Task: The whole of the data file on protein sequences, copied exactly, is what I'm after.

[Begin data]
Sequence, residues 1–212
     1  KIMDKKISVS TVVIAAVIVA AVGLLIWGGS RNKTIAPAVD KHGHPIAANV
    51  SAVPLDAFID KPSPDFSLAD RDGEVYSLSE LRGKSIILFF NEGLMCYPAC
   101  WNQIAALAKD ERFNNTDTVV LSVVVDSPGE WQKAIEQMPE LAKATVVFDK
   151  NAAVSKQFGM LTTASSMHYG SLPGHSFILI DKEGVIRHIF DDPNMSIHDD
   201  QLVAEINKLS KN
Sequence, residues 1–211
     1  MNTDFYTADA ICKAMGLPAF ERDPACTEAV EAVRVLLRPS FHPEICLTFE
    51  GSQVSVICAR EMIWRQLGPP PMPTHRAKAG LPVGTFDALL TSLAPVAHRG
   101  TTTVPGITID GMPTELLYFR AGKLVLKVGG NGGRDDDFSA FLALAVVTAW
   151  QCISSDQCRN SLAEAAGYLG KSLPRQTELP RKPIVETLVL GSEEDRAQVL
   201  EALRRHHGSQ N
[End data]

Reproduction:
Sequence, residues 1–212
     1  KIMDKKISVS TVVIAAVIVA AVGLLIWGGS RNKTIAPAVD KHGHPIAANV
    51  SAVPLDAFID KPSPDFSLAD RDGEVYSLSE LRGKSIILFF NEGLMCYPAC
   101  WNQIAALAKD ERFNNTDTVV LSVVVDSPGE WQKAIEQMPE LAKATVVFDK
   151  NAAVSKQFGM LTTASSMHYG SLPGHSFILI DKEGVIRHIF DDPNMSIHDD
   201  QLVAEINKLS KN
Sequence, residues 1–211
     1  MNTDFYTADA ICKAMGLPAF ERDPACTEAV EAVRVLLRPS FHPEICLTFE
    51  GSQVSVICAR EMIWRQLGPP PMPTHRAKAG LPVGTFDALL TSLAPVAHRG
   101  TTTVPGITID GMPTELLYFR AGKLVLKVGG NGGRDDDFSA FLALAVVTAW
   151  QCISSDQCRN SLAEAAGYLG KSLPRQTELP RKPIVETLVL GSEEDRAQVL
   201  EALRRHHGSQ N